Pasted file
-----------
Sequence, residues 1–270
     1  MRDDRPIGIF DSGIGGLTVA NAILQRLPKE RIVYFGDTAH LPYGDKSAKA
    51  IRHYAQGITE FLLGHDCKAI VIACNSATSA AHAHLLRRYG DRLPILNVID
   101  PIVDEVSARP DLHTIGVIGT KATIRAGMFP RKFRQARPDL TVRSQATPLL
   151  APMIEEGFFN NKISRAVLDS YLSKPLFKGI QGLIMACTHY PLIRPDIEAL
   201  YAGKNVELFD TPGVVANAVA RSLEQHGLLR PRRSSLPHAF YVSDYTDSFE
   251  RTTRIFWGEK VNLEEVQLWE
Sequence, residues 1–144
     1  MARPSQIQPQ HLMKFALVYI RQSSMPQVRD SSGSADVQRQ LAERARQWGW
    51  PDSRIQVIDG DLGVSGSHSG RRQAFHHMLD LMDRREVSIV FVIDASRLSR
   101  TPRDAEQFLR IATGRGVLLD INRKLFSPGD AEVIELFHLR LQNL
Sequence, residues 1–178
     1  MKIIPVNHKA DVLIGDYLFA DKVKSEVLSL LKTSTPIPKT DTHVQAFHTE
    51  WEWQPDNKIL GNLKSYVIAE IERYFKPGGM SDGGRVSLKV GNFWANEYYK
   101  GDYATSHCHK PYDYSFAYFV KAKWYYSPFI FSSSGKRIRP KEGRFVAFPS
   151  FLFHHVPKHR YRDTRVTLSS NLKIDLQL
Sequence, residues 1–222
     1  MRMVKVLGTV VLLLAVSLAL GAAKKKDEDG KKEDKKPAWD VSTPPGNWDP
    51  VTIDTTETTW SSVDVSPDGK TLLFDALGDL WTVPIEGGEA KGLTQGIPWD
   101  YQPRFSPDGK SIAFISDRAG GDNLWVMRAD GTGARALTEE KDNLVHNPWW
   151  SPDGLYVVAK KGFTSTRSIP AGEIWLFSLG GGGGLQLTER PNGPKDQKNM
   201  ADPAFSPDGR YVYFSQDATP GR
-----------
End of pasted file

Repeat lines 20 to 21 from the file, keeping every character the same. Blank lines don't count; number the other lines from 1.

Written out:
   101  YQPRFSPDGK SIAFISDRAG GDNLWVMRAD GTGARALTEE KDNLVHNPWW
   151  SPDGLYVVAK KGFTSTRSIP AGEIWLFSLG GGGGLQLTER PNGPKDQKNM